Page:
After a momentous couple of weeks of US Supreme Court decisions, a word not often heard has resurfaced: “jurists.”
While it is normally in the bottom 30 percent of words looked up on merriam-webster.com, “jurist” is rising on the charts: It has a green arrow, meaning “this word increased significantly in lookups over the past seven days.”
And no wonder: “Jurist” shows up more than 200 times in a Nexis search of news reports from the last two weeks of June, but only 100 or so times in the preceding two weeks. While not all of the mentions of “jurist” were in the context of the US Supreme Court, most were, and journalists (and others) often hear a word they like and run with it elsewhere.
Here are some examples of how “jurist” was used:
“Regardless of the ‘legal gymnastics’ that five of the nine jurists performed, none change what marriage really is,” said one report, quoting a local bishop.
“Then there’s Justice Antonin Scalia, staking out his ground as a relic, like jurists and politicians who a half-century ago tried to block the movement for racial equality,” an editorial said.
On the Affordable Care Act ruling, another editorial said, “The majority opinion argued that democracy demands that the court allow lawmakers—not jurists—to set policy.”
In Oklahoma, where the state Supreme Court ruled against a display of the Ten Commandments, the attorney general spoke: “These Supreme Court justices are nothing more than politicians in black robes, masquerading as objective jurists,” he is quoted as saying. “It is time that the people chose jurists,” instead of the bar association.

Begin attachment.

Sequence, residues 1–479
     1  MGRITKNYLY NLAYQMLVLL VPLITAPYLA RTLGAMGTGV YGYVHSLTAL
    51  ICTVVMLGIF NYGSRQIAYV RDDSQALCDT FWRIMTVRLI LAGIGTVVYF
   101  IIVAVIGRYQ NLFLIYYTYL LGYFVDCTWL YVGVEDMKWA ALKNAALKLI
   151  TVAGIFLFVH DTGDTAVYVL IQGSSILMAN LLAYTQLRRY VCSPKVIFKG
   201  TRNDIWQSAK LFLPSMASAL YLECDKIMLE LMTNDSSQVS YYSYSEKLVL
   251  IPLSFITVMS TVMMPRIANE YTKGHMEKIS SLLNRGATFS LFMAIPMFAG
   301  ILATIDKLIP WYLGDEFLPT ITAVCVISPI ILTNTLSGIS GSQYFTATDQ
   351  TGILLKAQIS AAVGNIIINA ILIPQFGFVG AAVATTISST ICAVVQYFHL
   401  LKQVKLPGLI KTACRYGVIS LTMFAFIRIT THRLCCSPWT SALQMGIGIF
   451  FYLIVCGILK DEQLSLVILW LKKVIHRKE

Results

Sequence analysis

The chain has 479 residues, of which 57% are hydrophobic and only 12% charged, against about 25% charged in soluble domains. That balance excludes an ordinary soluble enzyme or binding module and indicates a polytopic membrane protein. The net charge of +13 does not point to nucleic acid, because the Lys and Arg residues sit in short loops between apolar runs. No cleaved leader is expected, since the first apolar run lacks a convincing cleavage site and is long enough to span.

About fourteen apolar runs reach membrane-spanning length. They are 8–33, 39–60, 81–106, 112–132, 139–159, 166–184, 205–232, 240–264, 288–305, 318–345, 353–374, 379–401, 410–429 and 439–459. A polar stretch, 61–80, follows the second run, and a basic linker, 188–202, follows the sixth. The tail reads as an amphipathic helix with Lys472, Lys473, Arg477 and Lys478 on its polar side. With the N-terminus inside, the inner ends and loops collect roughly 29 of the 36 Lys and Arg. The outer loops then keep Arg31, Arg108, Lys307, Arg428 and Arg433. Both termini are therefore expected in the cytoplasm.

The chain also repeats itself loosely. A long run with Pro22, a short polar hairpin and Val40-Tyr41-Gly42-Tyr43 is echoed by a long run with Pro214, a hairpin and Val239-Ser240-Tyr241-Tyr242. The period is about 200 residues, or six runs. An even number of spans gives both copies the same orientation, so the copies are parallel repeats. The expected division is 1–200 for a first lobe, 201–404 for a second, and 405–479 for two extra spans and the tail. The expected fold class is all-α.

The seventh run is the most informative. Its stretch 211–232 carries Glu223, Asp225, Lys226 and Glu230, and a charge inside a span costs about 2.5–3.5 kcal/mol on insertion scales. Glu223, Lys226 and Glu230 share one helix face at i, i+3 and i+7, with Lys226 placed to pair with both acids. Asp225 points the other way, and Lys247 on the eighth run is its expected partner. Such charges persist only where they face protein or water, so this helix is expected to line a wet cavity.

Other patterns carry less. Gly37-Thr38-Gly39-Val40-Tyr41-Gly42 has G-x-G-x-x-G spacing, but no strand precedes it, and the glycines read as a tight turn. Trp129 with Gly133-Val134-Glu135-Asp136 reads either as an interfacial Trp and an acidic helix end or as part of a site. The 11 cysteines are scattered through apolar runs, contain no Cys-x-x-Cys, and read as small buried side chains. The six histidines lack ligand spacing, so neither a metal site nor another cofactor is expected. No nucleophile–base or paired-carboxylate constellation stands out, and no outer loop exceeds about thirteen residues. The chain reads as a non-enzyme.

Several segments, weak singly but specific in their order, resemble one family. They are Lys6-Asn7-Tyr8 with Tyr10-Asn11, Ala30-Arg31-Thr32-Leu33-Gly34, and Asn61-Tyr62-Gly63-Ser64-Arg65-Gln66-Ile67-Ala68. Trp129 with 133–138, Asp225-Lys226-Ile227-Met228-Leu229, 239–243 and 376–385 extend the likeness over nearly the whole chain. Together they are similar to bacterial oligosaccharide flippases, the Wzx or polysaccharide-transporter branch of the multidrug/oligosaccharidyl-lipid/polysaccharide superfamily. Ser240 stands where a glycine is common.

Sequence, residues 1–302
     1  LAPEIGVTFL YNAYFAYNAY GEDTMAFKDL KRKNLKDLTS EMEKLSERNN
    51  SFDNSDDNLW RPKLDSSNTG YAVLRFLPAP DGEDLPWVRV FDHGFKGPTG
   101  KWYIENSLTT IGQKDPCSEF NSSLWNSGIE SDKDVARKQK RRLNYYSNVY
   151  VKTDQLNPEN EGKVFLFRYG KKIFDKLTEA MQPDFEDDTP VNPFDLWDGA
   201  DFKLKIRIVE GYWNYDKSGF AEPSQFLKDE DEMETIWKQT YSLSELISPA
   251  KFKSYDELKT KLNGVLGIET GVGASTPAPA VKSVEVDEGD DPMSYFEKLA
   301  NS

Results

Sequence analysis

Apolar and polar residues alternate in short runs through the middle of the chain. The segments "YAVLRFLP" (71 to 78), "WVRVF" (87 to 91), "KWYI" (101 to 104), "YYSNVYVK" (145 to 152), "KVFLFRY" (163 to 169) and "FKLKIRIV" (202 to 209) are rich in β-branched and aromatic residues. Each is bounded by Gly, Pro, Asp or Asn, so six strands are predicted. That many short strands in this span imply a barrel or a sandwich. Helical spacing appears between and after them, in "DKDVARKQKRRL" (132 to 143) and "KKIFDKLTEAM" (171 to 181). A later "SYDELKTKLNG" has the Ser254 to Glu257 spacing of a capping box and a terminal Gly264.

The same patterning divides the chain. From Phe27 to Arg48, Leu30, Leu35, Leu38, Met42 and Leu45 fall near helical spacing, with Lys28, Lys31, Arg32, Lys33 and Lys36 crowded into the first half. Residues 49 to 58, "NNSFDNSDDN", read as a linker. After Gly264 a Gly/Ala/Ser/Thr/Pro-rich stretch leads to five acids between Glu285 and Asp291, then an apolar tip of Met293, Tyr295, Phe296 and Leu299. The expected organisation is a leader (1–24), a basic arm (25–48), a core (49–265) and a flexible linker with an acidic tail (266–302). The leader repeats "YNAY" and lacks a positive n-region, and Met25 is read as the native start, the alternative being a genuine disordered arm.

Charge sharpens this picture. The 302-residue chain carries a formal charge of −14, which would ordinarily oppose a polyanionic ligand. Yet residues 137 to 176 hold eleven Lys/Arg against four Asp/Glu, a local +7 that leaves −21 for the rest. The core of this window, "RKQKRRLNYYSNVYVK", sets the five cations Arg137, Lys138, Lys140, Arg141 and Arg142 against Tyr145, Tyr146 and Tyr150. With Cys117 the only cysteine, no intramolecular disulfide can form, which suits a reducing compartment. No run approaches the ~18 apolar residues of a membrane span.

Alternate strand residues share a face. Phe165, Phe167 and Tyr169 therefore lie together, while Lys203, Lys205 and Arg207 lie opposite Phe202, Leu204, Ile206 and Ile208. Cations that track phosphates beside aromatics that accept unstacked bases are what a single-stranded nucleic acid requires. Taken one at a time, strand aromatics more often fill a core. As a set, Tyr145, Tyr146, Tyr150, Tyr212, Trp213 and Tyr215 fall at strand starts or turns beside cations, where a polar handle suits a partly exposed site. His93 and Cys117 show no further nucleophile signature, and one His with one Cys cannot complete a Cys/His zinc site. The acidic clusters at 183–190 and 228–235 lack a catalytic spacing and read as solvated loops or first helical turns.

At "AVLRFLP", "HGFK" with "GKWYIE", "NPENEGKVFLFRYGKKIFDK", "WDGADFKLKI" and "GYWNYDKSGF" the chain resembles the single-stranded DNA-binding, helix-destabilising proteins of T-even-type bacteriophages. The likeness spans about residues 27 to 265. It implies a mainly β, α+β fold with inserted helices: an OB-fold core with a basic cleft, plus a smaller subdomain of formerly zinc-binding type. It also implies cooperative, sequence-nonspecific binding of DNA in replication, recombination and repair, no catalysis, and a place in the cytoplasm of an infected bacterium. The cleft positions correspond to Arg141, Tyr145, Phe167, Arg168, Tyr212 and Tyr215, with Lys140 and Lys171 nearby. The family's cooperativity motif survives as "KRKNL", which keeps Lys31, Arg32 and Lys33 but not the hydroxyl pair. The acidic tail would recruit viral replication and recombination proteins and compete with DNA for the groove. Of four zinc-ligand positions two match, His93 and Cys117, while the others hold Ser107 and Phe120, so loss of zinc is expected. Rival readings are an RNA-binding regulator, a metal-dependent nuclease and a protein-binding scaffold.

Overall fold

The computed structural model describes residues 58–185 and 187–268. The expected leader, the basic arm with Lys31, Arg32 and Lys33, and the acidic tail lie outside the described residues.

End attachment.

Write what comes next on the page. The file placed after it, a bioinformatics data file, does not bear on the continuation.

So “jurist” is just another word for judge, right?
A “jurist” is “a person who has a thorough knowledge of law,” Merriam-Webster says.
“Despite journalistic usage, jurist is not a synonym for judge, Theodore M. Bernstein wrote in The Careful Writer, way back in 1965.
In an “Ask the Editor” answer, The Associated Press Stylebook says: “We prefer ‘judges’ or ‘justices.’ The term ‘jurist’ usually connotes a scholar or writer in the field of law.”
But Webster’s New World College Dictionary, used by the AP, gives these definitions: “an expert in law; scholar or writer in the field of law” and, um, “judge.”
It may be true that all “judges” are “jurists,” in that they need enough expertise on the law to qualify as judges, but it’s also true that all “jurists” are not “judges,” or possibly not even lawyers.
Garner’s Modern American Usage says that British English reserves the word “jurist” for “one who has made outstanding contributions to legal thought and legal literature.” But in American English, “it is loosely applied to every judge of whatever level.” (Note the use of “loosely.”)
Bryan A. Garner, the author of said book, is also the editor of Garner’s Dictionary of Legal Usage and Black’s Law Dictionary. He’s a lawyer as well as a lexicographer, and has a distinguished career in both fields.
But does he qualify as a “jurist”? You be the judge.